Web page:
When Wnts antagonize Wnts.

Weidinger G, Moon RT - J. Cell Biol. (2003)

Vertebrate Wnt-5 paralogues antagonize Wnt/β-catenin signaling. (A) A highly schematized model of antagonistic interactions of maternal Wnt signaling pathways in early Xenopus or zebrafish embryos. In response to Dishevelled (Dsh) and perhaps a Wnt signal, high β-catenin levels specify the dorsal side. Maternal Wnt-5 is required for development of ventral cell fates by antagonizing β-catenin signaling, although where Wnt-5 is active remains unclear. (B) A simplistic model of Wnt antagonism in the mouse limb bud. The limb ectoderm and apical ectodermal ridge (AER) meet at the distal limb bud. As several Wnts (e.g., Wnt7a or Wnt3) that are able to activate canonical Wnt/β-catenin signaling are expressed in the limb ectoderm and apical ectodermal ridge, the distal limb bud has a higher level of canonical Wnt/β-catenin signaling, which suppresses chondrogenesis. In the distal limb bud, Wnt-5a signaling decreases β-catenin levels, which allows chondrogenesis to occur.
© Copyright Policy
Related In: Results  -  Collection

Show All Figures
getmorefigures.php?uid=PMC2172824&req=5

fig1: Vertebrate Wnt-5 paralogues antagonize Wnt/β-catenin signaling. (A) A highly schematized model of antagonistic interactions of maternal Wnt signaling pathways in early Xenopus or zebrafish embryos. In response to Dishevelled (Dsh) and perhaps a Wnt signal, high β-catenin levels specify the dorsal side. Maternal Wnt-5 is required for development of ventral cell fates by antagonizing β-catenin signaling, although where Wnt-5 is active remains unclear. (B) A simplistic model of Wnt antagonism in the mouse limb bud. The limb ectoderm and apical ectodermal ridge (AER) meet at the distal limb bud. As several Wnts (e.g., Wnt7a or Wnt3) that are able to activate canonical Wnt/β-catenin signaling are expressed in the limb ectoderm and apical ectodermal ridge, the distal limb bud has a higher level of canonical Wnt/β-catenin signaling, which suppresses chondrogenesis. In the distal limb bud, Wnt-5a signaling decreases β-catenin levels, which allows chondrogenesis to occur.
Mentions: The laboratories of Diane Slusarski and Yingzi Yang now present this genetic evidence (Fig. 1) (Westfall et al., 2003a; Topol et al., 2003). Slusarski's laboratory shows that removal of both the maternal and zygotic function of zebrafish Wnt-5 (MZWnt-5) not only enhances the morphogenesis defects of zygotic Wnt-5 mutants, but also results in variable degrees of dorsalization, including formation of a secondary axis (Westfall et al., 2003a). These phenotypes resemble those obtained by overactivation of Wnt/β-catenin signaling, and indeed the authors find ectopic stabilization of β-catenin and ectopic expression of β-catenin target genes in MZWnt-5 mutant embryos. These findings add strong genetic support to the previously suggested requirement of a Wnt signal for development of ventral cell fates and antagonism of dorsal fates, as has been proposed based on the ability of dominant–negative forms of Wnt-11 and of a frizzled receptor to interfere with ventral cell fates in Xenopus (Itoh and Sokol, 1999; Kühl et al., 2000a). Similarly, Yang's laboratory shows that in the distal tip of mouse limb buds Wnt-5a antagonizes Wnt/β-catenin signaling, since in Wnt-5a−/− limbs higher levels of β-catenin can be detected in the distal tip where a β-catenin–responsive reporter is ectopically expressed (Topol et al., 2003). Chondrocyte differentiation, which is defective in the Wnt-5a−/− limbs, can be partially restored by transplantation of cells expressing a secreted Wnt inhibitor, which presumably interferes with canonical Wnts only. Thus, in the mouse limb bud, Wnt-5a signaling appears to promote chondrocyte differentiation by antagonizing the Wnt/β-catenin pathway.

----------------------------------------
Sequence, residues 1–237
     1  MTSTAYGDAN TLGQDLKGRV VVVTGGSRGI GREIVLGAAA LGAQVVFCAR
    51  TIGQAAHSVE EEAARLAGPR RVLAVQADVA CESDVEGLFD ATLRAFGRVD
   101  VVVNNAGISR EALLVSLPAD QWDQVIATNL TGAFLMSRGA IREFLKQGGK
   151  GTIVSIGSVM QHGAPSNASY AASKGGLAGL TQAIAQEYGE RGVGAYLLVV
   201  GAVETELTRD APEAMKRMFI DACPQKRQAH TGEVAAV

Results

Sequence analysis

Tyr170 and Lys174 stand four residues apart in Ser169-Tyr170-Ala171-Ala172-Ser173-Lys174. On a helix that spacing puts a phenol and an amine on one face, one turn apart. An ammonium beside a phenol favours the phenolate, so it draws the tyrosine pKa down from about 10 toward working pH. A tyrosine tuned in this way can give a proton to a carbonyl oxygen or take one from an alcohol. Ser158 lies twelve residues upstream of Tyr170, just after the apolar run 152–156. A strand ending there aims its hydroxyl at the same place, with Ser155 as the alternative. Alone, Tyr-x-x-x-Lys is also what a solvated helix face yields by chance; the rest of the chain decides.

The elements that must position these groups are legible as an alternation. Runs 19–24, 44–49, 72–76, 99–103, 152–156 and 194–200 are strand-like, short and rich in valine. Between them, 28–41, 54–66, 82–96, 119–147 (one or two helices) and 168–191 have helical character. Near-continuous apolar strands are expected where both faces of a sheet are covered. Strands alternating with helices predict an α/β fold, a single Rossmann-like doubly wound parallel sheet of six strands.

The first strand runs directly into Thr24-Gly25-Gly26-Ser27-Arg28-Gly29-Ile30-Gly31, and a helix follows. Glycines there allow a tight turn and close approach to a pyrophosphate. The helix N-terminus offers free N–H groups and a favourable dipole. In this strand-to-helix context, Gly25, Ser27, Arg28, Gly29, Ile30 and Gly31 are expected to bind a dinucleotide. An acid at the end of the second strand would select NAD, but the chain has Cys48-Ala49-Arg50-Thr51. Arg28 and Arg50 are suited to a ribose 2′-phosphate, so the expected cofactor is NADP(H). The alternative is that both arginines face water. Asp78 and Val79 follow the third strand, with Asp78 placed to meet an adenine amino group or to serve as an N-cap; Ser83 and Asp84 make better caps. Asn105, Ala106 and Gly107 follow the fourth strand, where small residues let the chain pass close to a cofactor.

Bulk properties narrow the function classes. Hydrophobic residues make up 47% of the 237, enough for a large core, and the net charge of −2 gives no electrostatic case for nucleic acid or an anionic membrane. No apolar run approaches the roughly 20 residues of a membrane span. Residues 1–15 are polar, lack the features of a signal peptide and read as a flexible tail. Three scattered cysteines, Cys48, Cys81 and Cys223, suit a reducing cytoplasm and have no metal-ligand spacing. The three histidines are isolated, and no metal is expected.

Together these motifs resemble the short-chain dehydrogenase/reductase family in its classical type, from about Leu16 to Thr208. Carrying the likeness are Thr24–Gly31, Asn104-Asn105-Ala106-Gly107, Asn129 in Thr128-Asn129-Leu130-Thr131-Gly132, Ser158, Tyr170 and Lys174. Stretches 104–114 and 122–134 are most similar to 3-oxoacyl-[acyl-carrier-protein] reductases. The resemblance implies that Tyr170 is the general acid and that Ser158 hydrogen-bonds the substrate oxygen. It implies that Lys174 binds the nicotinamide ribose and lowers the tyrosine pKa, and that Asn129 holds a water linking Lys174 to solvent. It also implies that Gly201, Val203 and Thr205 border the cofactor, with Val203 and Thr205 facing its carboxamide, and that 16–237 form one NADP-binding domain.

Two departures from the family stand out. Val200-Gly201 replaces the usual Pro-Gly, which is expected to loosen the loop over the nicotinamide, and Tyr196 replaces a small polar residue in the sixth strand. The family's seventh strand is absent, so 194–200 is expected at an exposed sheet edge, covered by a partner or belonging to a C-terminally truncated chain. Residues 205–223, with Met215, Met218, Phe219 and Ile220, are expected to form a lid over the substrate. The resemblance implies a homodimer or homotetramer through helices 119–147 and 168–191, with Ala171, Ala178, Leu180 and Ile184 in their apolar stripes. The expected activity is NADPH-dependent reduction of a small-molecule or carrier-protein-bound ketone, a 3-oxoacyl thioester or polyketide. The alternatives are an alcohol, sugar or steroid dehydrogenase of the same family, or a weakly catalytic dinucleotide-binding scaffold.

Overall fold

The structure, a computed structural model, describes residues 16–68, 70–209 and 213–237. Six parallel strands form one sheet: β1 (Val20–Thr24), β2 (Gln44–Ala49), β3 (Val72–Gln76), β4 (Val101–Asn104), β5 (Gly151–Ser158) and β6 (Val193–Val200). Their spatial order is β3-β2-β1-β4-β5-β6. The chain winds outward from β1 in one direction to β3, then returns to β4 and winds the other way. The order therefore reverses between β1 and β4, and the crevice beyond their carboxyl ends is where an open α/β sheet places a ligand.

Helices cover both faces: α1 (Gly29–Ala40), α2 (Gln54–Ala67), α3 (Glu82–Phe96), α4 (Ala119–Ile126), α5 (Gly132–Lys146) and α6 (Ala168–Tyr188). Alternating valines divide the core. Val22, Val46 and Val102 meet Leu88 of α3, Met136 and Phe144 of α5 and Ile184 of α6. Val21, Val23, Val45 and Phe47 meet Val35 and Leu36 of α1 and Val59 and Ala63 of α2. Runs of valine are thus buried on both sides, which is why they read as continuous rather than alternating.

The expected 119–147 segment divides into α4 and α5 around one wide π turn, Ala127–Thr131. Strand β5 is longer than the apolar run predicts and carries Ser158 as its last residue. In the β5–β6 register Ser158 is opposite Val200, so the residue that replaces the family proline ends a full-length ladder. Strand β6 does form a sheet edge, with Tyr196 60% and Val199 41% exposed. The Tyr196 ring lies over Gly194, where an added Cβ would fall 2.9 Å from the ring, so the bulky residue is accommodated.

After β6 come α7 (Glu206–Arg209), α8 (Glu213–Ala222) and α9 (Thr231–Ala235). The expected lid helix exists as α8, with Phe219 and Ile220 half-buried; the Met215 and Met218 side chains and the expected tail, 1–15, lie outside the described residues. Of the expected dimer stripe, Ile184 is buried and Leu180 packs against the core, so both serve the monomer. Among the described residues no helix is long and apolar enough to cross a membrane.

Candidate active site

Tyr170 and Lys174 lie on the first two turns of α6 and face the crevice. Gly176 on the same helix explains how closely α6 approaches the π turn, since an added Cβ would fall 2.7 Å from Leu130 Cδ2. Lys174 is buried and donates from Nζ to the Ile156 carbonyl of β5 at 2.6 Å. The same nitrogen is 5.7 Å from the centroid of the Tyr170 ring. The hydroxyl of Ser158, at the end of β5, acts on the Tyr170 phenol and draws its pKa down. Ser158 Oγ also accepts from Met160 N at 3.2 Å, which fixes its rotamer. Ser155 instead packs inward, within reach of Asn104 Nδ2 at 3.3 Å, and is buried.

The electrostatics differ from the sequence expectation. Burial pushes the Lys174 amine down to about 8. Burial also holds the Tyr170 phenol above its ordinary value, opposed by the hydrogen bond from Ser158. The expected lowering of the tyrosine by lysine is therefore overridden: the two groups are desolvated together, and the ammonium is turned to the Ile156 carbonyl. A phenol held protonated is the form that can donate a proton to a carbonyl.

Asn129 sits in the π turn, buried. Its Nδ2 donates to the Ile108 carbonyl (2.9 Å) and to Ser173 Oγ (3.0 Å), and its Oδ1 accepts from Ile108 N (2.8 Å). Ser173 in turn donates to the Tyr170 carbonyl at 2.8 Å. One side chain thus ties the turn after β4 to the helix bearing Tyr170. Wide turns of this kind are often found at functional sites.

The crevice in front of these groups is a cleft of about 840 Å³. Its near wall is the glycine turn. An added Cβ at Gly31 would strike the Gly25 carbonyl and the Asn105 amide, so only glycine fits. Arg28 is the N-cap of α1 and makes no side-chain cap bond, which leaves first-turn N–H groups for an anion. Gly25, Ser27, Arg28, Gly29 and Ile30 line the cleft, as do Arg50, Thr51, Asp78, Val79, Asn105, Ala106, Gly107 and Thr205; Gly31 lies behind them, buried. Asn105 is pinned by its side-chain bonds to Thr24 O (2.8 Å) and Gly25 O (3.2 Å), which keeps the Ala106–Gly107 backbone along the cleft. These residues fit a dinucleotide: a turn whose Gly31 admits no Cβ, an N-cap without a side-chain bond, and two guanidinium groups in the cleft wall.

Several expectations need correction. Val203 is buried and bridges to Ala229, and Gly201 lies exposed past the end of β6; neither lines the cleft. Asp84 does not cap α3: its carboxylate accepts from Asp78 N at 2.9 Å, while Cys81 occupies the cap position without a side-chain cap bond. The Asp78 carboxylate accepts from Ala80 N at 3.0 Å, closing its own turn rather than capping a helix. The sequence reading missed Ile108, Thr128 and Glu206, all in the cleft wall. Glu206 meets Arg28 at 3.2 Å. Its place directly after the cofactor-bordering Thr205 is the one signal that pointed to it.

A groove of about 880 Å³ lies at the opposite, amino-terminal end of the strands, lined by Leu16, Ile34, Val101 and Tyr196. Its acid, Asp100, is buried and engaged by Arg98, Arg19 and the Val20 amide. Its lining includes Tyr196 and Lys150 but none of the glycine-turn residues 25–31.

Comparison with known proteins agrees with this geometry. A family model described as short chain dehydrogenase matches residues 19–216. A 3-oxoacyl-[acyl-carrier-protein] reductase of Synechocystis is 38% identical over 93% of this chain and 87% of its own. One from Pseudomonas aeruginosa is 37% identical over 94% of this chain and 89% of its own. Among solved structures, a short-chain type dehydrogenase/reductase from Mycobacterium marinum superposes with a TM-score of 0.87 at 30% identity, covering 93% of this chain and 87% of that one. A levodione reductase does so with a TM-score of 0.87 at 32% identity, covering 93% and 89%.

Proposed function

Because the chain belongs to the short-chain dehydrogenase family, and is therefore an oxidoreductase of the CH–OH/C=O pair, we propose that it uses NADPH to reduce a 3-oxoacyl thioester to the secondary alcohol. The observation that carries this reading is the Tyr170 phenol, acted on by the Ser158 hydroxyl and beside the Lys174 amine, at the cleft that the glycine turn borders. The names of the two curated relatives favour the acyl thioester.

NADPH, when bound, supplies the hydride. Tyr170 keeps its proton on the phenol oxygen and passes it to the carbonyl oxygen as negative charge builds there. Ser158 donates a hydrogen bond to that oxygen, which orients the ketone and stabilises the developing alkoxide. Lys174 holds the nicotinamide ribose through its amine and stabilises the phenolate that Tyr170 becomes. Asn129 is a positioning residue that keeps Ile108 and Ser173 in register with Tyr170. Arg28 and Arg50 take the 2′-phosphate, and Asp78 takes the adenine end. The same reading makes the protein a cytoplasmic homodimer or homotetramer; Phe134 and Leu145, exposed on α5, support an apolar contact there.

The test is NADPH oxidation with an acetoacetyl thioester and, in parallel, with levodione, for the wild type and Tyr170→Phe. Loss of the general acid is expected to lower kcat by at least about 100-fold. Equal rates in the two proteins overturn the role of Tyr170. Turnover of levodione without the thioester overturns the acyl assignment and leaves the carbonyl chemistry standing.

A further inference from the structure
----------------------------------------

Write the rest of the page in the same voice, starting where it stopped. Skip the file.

Bottom Line: Secreted Wnt ligands appear to activate a variety of signaling pathways.Two papers in this issue now present genetic evidence that "noncanonical" Wnt signaling inhibits the "canonical" Wnt/beta-catenin pathway.These studies present the first genetic confirmation of the previous hypothesis that vertebrate Wnt signaling pathways can act in an antagonistic manner.

View Article: PubMed Central - PubMed

Affiliation: Howard Hughes Medical Institute and Department of Pharmacology, University of Washington, Box 357370, Seattle, WA 98195, USA.

ABSTRACT
Secreted Wnt ligands appear to activate a variety of signaling pathways. Two papers in this issue now present genetic evidence that "noncanonical" Wnt signaling inhibits the "canonical" Wnt/beta-catenin pathway. Westfall et al. (2003a) show that zebrafish embryos lacking maternal Wnt-5 function are dorsalized due to ectopic activation of beta-catenin, whereas Topol et al. (2003) report that chondrogenesis in the distal mouse limb bud depends on inhibition of Wnt/beta-catenin signaling by a paralogue of Wnt-5. These studies present the first genetic confirmation of the previous hypothesis that vertebrate Wnt signaling pathways can act in an antagonistic manner.

Show MeSH
Related in: MedlinePlus